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Remembering Emmett Till and the Spark that Lit the Civil Rights Movement

March 20, 2012 | By Federal/State Partnership Staff

This story is more than one about the murder of 14-year-old Emmett Till in 1955 in the Mississippi delta, the murder that sparked the Civil Rights Movement. It is also the story of a small grant awarded by the Mississippi Humanities Council that has evolved into a traveling exhibition, creation of the Mississippi Civil Rights Trail, and NEH funded summer seminars about the Mississippi Delta.

Luther Brown, director of the Delta Center for Culture and Learning at Delta State University, believes that the "Emmett Till story is more than the brutal murder of a 14 year old African American boy in the Mississippi Delta in  the 1950s. In some ways it is a theological story of redemption. It is the story of a spark that ignited the fires of the  Civil Rights Movement and changed America."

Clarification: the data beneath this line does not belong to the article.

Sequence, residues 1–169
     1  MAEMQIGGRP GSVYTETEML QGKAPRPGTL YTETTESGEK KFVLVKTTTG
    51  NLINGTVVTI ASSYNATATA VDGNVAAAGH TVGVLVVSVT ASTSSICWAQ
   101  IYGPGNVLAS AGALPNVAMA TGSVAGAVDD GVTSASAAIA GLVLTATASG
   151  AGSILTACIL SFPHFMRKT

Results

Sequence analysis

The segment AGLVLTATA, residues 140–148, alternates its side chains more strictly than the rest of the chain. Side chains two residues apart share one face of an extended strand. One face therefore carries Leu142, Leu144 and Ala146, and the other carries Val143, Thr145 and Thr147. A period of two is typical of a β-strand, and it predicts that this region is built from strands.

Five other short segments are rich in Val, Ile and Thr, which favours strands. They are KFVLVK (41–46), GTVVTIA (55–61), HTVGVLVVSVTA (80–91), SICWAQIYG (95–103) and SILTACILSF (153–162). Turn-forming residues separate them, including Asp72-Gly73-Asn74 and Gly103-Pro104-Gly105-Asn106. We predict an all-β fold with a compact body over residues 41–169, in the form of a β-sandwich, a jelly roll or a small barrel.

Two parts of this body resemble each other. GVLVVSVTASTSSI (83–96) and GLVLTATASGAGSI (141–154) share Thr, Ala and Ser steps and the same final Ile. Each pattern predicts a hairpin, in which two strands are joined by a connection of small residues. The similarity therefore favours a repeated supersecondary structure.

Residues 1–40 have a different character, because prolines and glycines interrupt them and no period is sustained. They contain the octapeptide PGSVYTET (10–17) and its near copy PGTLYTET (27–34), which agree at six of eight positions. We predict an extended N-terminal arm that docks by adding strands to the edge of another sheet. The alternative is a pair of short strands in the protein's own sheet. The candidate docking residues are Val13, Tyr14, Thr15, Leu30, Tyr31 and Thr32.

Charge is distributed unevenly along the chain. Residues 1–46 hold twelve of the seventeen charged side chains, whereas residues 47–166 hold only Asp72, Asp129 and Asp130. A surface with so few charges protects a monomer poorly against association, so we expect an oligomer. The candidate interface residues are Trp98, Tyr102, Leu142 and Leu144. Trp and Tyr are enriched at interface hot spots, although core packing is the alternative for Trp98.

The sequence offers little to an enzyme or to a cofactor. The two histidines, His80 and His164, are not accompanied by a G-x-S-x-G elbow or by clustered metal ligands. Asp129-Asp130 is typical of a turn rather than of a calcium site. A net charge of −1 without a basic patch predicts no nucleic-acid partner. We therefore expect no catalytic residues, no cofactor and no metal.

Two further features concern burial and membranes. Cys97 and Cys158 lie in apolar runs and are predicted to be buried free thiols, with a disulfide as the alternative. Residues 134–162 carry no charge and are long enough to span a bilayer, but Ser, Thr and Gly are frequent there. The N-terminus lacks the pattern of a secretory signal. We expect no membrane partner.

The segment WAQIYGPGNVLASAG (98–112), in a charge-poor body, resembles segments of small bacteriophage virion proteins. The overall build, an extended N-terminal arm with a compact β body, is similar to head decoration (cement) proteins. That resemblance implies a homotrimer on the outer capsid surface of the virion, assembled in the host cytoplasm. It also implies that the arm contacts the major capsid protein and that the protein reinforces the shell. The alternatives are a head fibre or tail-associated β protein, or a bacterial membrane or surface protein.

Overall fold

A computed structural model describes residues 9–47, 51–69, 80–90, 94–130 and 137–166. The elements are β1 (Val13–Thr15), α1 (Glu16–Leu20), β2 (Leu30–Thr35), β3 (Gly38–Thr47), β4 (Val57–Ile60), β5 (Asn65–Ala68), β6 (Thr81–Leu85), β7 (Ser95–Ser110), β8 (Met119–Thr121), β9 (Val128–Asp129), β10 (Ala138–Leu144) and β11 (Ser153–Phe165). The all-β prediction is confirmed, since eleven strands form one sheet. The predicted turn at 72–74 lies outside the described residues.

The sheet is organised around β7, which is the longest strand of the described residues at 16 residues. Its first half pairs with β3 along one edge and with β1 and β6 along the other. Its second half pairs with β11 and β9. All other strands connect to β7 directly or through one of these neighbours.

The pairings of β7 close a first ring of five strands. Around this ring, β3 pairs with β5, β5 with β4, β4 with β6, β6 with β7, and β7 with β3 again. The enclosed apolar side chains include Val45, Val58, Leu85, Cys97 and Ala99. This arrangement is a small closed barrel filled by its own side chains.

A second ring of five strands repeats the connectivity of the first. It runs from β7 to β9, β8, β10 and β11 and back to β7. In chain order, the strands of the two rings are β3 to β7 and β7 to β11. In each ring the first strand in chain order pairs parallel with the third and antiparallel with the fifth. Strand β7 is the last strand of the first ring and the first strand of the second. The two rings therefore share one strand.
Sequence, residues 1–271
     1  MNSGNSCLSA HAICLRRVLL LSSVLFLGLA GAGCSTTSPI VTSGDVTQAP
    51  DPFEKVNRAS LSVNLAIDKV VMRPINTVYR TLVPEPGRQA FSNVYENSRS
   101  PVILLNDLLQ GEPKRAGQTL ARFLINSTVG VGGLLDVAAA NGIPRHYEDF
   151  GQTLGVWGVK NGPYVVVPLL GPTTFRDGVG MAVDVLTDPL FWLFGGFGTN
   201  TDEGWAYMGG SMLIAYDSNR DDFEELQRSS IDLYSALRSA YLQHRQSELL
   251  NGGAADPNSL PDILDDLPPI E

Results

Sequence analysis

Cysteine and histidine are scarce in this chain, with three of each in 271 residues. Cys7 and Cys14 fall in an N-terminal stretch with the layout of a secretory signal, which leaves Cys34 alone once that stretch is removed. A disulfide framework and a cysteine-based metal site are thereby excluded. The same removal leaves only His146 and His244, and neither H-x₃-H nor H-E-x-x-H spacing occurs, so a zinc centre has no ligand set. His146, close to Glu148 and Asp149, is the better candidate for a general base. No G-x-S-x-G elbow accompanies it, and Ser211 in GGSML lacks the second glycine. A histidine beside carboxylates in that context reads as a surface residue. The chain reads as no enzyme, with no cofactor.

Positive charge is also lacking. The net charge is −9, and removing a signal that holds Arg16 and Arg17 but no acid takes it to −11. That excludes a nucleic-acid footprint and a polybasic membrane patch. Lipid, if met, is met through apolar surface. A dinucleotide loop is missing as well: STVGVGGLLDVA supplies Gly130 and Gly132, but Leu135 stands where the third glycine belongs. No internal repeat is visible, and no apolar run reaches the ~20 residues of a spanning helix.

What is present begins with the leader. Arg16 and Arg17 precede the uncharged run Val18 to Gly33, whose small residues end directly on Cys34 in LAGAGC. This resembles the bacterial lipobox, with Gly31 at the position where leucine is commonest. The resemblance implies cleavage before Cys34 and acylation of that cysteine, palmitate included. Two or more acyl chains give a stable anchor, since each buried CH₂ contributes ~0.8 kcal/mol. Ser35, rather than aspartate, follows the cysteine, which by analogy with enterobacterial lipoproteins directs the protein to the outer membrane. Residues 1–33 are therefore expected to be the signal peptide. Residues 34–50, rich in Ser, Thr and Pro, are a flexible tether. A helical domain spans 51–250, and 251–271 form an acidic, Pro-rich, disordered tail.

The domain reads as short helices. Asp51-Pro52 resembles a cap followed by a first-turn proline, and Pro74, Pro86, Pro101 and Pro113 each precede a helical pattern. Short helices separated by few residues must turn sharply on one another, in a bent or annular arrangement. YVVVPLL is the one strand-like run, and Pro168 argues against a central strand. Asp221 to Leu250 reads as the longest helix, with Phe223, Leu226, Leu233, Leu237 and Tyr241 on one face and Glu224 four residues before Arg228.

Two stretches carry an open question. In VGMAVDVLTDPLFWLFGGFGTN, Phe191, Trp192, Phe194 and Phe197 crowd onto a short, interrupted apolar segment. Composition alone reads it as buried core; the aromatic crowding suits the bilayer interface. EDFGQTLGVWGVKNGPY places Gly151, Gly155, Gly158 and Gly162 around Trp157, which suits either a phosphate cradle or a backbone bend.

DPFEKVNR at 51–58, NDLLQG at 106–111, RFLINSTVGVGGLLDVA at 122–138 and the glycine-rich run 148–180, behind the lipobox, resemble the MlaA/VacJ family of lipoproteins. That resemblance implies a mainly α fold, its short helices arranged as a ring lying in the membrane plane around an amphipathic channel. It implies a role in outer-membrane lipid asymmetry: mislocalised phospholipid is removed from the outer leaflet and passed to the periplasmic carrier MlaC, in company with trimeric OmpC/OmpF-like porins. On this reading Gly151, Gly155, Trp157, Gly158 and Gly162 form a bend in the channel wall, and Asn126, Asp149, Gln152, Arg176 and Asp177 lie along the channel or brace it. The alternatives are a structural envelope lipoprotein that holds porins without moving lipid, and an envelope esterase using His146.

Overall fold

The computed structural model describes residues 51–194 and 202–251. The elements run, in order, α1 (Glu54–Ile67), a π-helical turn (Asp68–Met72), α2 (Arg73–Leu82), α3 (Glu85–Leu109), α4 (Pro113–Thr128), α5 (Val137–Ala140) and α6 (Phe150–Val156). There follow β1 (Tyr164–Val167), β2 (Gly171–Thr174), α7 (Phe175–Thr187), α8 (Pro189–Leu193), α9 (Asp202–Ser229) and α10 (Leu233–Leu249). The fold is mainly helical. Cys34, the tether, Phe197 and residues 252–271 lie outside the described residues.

The Mississippi Humanities Council gave a mini grant to Delta State University for an oral history project to record local people about the Till kidnapping and murder. The research that this grant began grew into an exhibition that has traveled around the country over the last five years. In 2011, during the 50th anniversary of the Freedom Riders, the Emmett Till project resulted in the dedication of the  first of many historical markers of the Mississippi Civil Rights Trail, located in Money, MS, near where young Till was abducted. This summer Luther Brown will host the third NEH Landmarks Teacher Workshop about the Mississippi Delta in June and July at Delta State University.

Barbara Carpenter, executive director of the Mississippi Humanities Council, writes that Luther Brown and Henry Outlaw, the scholars who have pursued and developed these projects along with Emily Weaver, “‘really believe that it was the MHC grant that started the whole thing. Who knows where we would be today if MHC had not supported Henry’s original oral history project. [The Council's] support planted the seed ...’”

The NEH on the Road exhibition "For All the World to See" presents the visual aspects of the civil rights movement and takes its title from Emmett Till's mother's insistence that her son's casket to be open at his funeral so that all could witness the brutality of his murder: “Let the world see what I’ve seen.”